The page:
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LETTER TO EDITOR
Year : 2014  |  Volume : 20  |  Issue : 2  |  Page : 92-93

An oblivious cholesteatoma


Departments of ENT and Head and Neck Surgery, All India Institute of Medical Sciences, New Delhi, India

Date of Web Publication3-May-2014

Correspondence Address:
Rakesh Kumar
Department of ENT and Head and Neck Surgery, Room No. 4057, ENT Office, Teaching Block, Ansari Nagar, New Delhi - 111 029
India
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Source of Support: None, Conflict of Interest: None


DOI: 10.4103/0971-7749.131878

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How to cite this article:
Kairo AK, Sikka K, Kumar R, Kudawla K. An oblivious cholesteatoma. Indian J Otol 2014;20:92-3

How to cite this URL:
Kairo AK, Sikka K, Kumar R, Kudawla K. An oblivious cholesteatoma. Indian J Otol [serial online] 2014 [cited 2019 Apr 20];20:92-3. Available from: http://www.indianjotol.org/text.asp?2014/20/2/92/131878

Sir,

We are reporting an interesting and unusual case of primary acquired cholesteatoma of epitympanum. This case is about the unusual pattern of spread, which defies the usual well documented pathway of cholesteatoma spread. Cholesteatoma tends to follow embryological planes that were formed during development of middle ear cleft.

According to embryological bases of temporal bone pneumatization, tympanic cavity gets pneumatized by different out pouching which are formed as extension of first pharyngeal pouch [1] [Figure 1]. When saccus superior (squamous) and saccus medius (petrous) pneumatizes, the bony plate left between these two developing saccus is called Korner's septum (petrosquamous lamina). [2]
Figure 1: Embryologically, tympanic cavity gets pneumatised by different out pouching which are formed as extension of first pharyngeal pouch 1. Chart to show the fate of these different out pouching (saccus)

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Most acquired cholesteatoma are formed by invagination of the pars flaccida into the lateral most portion of the epitympanum (The Prussak's space). Their spread is limited by these mucosal folds around the ossicles. These folds along with suspensory ligaments guide the cholesteatoma sac into the recesses of the epitympanum which are formed by saccus medius. Posteriorly it may spread lateral to the body of the incus (superior incudal space), inferiorly into the middle ear through pouch of von Troltsch or anteriorly into the protympanum.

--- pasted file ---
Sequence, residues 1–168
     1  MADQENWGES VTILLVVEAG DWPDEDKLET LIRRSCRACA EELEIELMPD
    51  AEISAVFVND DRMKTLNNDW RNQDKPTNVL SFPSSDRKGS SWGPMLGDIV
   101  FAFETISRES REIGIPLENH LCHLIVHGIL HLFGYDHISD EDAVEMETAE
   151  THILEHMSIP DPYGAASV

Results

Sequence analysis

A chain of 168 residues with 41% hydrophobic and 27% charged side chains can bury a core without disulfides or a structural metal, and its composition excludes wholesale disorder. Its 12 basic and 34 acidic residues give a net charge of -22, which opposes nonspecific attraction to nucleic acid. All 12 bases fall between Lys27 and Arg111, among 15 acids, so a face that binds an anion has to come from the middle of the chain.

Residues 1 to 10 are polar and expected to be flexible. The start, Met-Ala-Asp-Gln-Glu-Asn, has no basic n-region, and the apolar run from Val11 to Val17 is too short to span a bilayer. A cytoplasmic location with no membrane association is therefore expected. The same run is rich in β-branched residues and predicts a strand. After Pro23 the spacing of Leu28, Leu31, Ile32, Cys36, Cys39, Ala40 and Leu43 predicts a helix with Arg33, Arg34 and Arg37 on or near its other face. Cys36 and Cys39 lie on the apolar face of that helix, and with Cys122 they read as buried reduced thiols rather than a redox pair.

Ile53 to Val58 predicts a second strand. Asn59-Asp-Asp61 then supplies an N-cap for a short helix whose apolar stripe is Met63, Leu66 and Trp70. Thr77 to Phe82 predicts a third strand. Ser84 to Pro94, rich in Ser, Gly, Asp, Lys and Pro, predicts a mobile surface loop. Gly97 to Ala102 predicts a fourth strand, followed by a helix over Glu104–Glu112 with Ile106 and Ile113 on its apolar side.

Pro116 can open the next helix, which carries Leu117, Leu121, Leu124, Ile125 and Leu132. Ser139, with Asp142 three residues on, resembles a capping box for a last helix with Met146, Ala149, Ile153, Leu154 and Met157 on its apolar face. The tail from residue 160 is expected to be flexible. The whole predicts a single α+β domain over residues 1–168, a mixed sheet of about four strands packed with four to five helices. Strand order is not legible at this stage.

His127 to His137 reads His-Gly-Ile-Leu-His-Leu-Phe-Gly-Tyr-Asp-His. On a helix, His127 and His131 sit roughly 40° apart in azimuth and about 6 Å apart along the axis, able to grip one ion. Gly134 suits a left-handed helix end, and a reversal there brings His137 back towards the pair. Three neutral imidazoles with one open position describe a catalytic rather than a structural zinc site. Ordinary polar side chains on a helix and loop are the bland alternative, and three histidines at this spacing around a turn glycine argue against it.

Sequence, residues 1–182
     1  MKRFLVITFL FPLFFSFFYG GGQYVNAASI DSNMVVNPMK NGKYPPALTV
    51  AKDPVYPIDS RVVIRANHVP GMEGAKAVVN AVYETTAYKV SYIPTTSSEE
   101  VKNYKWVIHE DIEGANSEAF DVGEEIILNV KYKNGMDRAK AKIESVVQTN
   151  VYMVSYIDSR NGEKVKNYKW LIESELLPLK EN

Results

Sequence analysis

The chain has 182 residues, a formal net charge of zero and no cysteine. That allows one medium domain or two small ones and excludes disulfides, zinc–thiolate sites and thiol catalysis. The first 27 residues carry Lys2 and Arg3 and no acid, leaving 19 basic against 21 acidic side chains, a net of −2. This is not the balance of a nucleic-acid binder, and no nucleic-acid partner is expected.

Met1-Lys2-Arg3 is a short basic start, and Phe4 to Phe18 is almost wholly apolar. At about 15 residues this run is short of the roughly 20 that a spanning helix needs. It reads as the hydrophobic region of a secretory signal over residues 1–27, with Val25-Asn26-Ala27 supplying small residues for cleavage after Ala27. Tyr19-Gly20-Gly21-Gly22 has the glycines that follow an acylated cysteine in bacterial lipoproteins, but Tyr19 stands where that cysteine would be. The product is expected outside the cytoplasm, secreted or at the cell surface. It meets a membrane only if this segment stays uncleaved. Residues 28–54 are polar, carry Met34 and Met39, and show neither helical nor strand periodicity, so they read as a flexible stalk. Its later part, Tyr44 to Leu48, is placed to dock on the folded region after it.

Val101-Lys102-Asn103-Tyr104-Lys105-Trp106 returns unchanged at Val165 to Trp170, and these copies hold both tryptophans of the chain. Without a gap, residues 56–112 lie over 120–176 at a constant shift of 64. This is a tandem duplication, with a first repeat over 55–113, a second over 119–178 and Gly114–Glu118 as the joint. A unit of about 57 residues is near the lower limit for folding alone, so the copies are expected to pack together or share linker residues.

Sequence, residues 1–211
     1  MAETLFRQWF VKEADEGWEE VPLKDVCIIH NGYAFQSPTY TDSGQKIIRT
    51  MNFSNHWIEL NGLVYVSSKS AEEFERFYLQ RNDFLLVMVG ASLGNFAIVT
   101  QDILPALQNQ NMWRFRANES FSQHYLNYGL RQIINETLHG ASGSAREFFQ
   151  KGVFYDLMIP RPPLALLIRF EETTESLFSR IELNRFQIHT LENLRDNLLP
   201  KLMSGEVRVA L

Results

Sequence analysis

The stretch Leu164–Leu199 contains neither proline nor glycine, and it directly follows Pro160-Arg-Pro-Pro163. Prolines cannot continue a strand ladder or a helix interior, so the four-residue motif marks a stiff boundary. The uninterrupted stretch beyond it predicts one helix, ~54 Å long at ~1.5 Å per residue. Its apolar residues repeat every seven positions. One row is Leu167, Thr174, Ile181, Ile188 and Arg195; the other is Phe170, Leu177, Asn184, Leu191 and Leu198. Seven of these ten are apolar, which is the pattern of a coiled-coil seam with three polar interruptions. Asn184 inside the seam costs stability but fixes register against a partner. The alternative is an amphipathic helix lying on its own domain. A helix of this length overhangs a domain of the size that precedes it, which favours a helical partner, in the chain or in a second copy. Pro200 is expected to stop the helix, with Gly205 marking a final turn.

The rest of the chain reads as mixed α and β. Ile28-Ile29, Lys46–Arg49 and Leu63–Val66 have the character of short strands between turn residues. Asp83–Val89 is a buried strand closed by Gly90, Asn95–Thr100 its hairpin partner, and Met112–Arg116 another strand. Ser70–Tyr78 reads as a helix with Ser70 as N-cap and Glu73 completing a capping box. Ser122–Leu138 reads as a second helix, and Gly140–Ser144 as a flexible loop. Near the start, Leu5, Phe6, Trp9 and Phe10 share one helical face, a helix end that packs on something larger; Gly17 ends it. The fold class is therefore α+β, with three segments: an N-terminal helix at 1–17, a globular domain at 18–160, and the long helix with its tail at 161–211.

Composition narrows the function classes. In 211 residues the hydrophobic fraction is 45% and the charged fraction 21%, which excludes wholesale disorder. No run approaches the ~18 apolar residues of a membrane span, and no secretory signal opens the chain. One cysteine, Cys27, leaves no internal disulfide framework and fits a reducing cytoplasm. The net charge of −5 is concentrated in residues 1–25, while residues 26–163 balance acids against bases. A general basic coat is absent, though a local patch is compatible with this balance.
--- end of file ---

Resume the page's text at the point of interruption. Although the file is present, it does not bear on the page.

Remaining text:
A 17-year-old male patient presented to our out-patient department with the complaints of right sided impairment of hearing since early childhood without any significant ear discharge. On evaluation, patient was having bulge in posterior canal wall. Audiometry revealed moderate conductive hearing loss in right ear. High resolution computerized tomography temporal bone revealed a peculiar finding. The cholesteatoma sac arising from Prussak's space was filling an enlarged cell lateral to Korner's septum. Mastoid antrum was normal [Figure 2]a and b. Patient underwent canal wall down outside in modified radical mastoidectomy. During surgery cholesteatoma sac arising from Prussak's space was found which was not spreading toward antrum (along superior incudal space) but involved air cells lateral to Koerner's septum [3] [Figure 2]a and b. As it is arising from Prussak's space, by convention, it spreads via posterior route, where cholesteatoma sac spreads through the superior incudal space lateral to the body of incus and then it reaches the aditus and antum, thereby gaining access to mastoid [Figure 3]. In this case, the cholesteatoma spread is unusual.
Figure 2: (a) Axial view of high resolution temporal bone computerized tomography scan of patient. (1) Koerner's septum, (2) cholesteatoma sac, (3) ossicular chain in epitympanum, (4) antrum, (5) horizontal part of facial nerve (b) Axial view of high resolution temporal bone computerized tomography scan of patient. (1) Cholesteatoma sac, (2) head of Malleus in epitympanum, (3) horizontal part of facial nerve

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Figure 3: Intraoperative photograph of middle ear cleft with intact Koerner's septum and cholesteatoma sac (lateral wall of sac removed). (1) Posterior pouch of von Troltsch, (2) pars tensa, (3) head of Malleus in epitympanum, (4) horizontal part of facial nerve, (5) Koerner's septum

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Post-operatively, the patient's recovery was uneventful.

 
  References Top

1.Hammar YES. Study Concerning the development of the Vonderdarma and some ranger forming organs. Arch Anat Mikrosk 1902; 59:471-628.  Back to cited text no. 1
    
2.Proctor B. The development of the middle ear spaces and their surgical significance. J Laryngol Otol 1964;78:631-48.  Back to cited text no. 2
    
3.Proctor B. Surgical Anatomy of the Ear and Temporal Bone. New York: Thieme Medical Publishers; 1989. p. 66-84.  Back to cited text no. 3
    


    Figures

  [Figure 1], [Figure 2], [Figure 3]


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